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The 4 hostages of the SV Quest are dead: in the assault?

The USS Bulkeley one of the pursuers of the SV Quest (credit: US Army)

It is the central command of the US armies which tells us this. The 4 hostages who were on board the yacht SV Quest are dead, “killed by their captors”. According to the official version, given by the US command, it was around 1 a.m. EST (11 a.m. local) when the event occurred. The negotiations "were underway to obtain the release of the four hostages. US forces have (then) responded to gunfire from the hijacked ship. They reached the SV Quest, got on board, and discovered the four hostages (who) had been killed by their captors. Despite the immediate treatment provided, the four hostages ultimately succumbed to their injuries.”

There were, according to initial information, 19 pirates on board. “During the assault, two pirates were killed“. And the lifeless bodies of two (other) pirates were found on board. The 13 surviving pirates were captured, joining the other two already captured by the pirates. 15 are therefore in the hands of the Americans who could transmit them to American justice.

The naval forces followed the S.V. Quest for about 3 days after its capture. No less than 4 ships had been assigned to this task: the aircraft carrier USS Enterprise (CVN 65), the missile cruiser USS Leyte Gulf (CG 55), destroyers USS Sterett (DDG 104) and USS Bulkeley (DDG 84).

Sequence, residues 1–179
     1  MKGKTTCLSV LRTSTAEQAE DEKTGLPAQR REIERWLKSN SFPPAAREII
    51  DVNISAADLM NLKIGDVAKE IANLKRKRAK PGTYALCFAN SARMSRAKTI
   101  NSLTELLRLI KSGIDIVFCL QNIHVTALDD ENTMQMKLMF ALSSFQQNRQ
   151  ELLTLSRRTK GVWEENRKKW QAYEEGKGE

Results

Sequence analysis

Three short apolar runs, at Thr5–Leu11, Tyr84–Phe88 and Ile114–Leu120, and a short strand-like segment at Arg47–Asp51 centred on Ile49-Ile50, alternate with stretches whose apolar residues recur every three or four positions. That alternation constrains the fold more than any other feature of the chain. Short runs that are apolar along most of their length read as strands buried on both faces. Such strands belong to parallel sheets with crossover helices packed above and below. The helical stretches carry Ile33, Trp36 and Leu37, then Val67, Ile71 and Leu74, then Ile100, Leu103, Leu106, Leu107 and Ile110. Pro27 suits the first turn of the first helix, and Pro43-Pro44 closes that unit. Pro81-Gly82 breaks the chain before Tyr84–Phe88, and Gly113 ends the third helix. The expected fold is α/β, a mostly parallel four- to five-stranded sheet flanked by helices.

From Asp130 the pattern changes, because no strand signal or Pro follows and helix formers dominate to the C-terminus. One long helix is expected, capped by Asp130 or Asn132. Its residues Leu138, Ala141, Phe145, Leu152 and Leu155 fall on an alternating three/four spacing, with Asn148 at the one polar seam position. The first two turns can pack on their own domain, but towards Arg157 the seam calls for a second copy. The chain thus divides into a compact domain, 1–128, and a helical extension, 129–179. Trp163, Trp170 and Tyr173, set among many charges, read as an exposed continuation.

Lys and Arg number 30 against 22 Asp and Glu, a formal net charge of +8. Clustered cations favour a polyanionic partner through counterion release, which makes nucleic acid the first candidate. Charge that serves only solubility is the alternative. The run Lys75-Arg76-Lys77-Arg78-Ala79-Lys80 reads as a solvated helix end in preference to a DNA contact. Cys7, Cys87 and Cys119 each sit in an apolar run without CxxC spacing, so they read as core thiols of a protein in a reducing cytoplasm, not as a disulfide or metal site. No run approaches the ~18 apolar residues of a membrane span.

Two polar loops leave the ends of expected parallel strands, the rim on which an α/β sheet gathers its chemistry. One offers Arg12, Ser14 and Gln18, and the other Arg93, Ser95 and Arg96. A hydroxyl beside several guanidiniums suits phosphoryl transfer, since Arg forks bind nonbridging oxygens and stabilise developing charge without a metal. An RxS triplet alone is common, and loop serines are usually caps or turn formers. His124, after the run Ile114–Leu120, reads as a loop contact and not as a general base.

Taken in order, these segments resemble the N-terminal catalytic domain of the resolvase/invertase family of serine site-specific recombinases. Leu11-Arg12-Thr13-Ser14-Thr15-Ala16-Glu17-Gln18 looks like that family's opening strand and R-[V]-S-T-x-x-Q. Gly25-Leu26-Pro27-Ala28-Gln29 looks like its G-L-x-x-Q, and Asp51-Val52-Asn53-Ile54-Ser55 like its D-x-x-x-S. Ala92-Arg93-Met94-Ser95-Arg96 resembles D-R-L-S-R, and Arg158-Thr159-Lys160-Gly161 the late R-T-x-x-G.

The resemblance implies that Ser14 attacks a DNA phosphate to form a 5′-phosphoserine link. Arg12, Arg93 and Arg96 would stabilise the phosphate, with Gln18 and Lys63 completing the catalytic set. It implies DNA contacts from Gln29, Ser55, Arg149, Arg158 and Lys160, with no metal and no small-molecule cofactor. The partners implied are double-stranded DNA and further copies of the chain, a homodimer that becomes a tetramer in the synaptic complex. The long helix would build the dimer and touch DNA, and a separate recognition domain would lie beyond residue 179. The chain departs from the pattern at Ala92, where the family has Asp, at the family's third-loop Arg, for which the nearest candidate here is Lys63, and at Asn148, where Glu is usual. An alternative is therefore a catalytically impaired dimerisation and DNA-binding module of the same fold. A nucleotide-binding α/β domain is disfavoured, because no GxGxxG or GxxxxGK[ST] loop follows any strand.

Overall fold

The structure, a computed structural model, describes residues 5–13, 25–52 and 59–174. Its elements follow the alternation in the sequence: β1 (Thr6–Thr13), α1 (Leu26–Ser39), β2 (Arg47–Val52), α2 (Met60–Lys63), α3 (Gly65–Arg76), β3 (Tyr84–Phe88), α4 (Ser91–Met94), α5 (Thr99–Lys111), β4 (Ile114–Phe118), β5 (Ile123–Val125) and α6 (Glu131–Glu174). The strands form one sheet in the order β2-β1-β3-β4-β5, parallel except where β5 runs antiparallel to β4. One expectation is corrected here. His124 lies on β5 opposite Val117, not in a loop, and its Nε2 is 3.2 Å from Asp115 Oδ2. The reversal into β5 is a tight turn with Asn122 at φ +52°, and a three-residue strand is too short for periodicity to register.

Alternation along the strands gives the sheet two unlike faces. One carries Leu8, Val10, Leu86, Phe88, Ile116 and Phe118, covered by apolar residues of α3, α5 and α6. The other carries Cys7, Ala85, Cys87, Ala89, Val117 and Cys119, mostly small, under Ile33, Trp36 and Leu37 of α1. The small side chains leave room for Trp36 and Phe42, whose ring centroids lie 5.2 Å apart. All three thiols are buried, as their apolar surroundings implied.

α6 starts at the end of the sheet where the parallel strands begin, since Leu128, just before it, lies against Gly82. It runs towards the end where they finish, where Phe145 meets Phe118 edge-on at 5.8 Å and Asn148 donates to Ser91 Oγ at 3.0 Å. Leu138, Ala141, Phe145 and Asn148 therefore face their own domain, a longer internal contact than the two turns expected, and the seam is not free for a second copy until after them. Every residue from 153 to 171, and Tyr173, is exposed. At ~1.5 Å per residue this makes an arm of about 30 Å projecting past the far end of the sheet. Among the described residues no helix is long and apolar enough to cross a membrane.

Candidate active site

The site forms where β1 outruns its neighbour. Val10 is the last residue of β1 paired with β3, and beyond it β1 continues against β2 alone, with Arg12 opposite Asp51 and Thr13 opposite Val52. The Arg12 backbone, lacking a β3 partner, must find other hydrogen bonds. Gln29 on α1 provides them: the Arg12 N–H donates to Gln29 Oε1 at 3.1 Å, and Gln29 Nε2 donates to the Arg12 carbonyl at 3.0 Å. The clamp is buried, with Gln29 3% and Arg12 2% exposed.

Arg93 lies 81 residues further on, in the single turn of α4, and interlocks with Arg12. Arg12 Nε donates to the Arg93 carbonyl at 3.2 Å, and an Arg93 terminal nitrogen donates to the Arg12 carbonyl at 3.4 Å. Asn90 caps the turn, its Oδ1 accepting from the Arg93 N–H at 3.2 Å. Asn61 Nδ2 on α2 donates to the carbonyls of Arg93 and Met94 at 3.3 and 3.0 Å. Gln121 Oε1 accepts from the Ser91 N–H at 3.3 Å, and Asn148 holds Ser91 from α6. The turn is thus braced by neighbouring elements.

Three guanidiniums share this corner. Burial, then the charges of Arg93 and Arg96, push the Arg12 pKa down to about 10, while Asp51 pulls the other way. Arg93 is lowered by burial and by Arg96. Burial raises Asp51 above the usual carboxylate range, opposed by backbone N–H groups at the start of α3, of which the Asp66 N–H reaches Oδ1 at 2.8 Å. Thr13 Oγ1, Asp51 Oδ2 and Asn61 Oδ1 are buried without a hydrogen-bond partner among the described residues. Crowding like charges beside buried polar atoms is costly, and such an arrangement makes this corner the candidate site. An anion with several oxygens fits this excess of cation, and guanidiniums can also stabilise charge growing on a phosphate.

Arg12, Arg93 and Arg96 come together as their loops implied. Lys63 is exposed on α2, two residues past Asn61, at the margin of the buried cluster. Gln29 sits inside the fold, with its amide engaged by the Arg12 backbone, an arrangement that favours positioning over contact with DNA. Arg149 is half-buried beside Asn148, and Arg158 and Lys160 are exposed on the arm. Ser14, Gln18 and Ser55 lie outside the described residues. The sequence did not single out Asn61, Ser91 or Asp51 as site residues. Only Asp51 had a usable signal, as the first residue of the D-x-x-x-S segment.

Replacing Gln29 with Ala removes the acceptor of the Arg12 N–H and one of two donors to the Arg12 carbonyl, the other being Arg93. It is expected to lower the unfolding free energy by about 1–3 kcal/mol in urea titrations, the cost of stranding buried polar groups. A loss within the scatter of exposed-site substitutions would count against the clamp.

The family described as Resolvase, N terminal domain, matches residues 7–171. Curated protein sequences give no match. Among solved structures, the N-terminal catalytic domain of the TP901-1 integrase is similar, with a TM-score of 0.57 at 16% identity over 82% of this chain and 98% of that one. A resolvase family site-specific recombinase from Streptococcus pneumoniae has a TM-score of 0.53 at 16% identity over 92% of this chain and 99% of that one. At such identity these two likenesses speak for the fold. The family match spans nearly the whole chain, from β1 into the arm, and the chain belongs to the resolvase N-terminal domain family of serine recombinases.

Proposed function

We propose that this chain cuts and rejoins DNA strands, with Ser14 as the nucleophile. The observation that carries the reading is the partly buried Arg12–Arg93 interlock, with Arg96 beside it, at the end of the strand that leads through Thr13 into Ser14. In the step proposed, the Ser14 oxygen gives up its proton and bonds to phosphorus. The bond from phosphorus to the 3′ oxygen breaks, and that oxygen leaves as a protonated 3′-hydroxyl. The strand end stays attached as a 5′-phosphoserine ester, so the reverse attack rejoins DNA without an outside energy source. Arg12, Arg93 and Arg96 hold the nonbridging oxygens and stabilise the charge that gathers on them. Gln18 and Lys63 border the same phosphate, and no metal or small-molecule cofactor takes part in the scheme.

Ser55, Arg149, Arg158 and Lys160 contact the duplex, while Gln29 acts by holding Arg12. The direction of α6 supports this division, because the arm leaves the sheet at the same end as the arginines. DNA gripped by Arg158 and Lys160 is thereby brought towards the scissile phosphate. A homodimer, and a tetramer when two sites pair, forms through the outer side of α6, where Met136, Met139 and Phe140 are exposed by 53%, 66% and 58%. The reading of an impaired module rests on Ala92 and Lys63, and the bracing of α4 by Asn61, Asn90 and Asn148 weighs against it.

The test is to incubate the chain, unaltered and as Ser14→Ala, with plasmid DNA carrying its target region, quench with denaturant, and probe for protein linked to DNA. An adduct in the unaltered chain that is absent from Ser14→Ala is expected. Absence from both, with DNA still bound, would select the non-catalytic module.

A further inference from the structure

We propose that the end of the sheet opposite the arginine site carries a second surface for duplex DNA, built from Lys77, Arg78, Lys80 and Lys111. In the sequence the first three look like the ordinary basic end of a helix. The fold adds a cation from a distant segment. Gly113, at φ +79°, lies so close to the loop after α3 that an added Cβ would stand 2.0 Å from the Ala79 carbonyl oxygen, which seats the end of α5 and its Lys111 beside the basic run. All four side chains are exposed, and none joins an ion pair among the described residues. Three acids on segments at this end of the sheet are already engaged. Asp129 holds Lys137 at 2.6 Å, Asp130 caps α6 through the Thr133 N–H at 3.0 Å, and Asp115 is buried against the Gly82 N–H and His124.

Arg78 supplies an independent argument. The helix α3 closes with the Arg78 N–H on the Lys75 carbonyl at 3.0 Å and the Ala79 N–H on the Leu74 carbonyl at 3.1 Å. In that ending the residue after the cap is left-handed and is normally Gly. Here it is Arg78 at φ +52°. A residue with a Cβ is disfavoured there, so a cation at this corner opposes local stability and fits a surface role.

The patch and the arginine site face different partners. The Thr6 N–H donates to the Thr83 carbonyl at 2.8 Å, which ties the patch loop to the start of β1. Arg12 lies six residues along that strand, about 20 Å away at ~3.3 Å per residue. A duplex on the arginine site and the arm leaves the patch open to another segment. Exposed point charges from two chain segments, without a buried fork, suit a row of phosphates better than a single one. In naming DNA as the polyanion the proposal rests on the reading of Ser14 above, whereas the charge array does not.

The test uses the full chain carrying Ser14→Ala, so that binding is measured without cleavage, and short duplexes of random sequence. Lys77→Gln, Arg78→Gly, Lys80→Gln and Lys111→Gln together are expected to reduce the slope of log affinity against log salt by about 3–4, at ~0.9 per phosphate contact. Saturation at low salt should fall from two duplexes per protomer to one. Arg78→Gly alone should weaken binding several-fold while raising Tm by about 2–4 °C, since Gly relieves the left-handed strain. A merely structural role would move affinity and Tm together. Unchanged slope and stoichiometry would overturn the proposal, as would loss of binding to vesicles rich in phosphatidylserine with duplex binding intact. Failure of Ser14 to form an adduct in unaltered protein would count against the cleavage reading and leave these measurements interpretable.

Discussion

An official version to be taken conditionally

Comments : There is no a priori reason to doubt this version of the facts presented by the American High Command. But there is no reason to believe her completely either. Especially since the given version includes many 'black holes'. First of all, there were exchanges of fire before the assault: 2 pirates found lifeless on board and 2 others captured. Then, there was a collision (preceded and followed by a new exchange of fire). Finally, the hostages still alive when the Marines arrive die quickly. But the US forces tell us straight away, and unequivocally, that they were killed by the pirates. Unless they were executed under the eyes of the military (or before their arrival), we could be more cautious and wait for the investigation by the (American) justice system which will undoubtedly follow to enlighten us.

A caution which is also explained by the antecedents. There is an unfortunate precedent: the British hostage in Afghanistan “executed by her captors” who was later discovered to have been an American grenade, dropped by one of her liberators which had killed her. It cannot therefore be completely excluded, at this time, that one or more hostages were killed by friendly fire. Caution aside, we must not forget one fact: the cause of this death was the taking of hostages by the pirates. The result was 4 Americans killed, 4 Somalis killed. Piracy is beginning to be anything but a “gentlemen’s struggle”.

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Nicolas Gros Verheyde

Chief editor of the B2 site. Graduated in European law from the University of Paris I Pantheon Sorbonne and listener to the 65th session of the IHEDN (Institut des Hautes Etudes de la Défense Nationale. Journalist since 1989, founded B2 - Bruxelles2 in 2008. EU/NATO correspondent in Brussels for Sud-Ouest (previously West-France and France-Soir).

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